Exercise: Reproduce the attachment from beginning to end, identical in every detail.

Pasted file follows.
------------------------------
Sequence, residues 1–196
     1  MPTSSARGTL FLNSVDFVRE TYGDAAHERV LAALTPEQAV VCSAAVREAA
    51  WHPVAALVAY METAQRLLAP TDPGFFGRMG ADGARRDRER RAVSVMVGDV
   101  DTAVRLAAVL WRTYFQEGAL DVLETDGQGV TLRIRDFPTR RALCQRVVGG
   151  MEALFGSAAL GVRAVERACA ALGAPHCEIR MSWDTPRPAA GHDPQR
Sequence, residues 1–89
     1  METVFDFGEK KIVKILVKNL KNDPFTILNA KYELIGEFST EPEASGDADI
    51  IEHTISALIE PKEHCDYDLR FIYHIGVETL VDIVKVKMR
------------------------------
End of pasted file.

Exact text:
Sequence, residues 1–196
     1  MPTSSARGTL FLNSVDFVRE TYGDAAHERV LAALTPEQAV VCSAAVREAA
    51  WHPVAALVAY METAQRLLAP TDPGFFGRMG ADGARRDRER RAVSVMVGDV
   101  DTAVRLAAVL WRTYFQEGAL DVLETDGQGV TLRIRDFPTR RALCQRVVGG
   151  MEALFGSAAL GVRAVERACA ALGAPHCEIR MSWDTPRPAA GHDPQR
Sequence, residues 1–89
     1  METVFDFGEK KIVKILVKNL KNDPFTILNA KYELIGEFST EPEASGDADI
    51  IEHTISALIE PKEHCDYDLR FIYHIGVETL VDIVKVKMR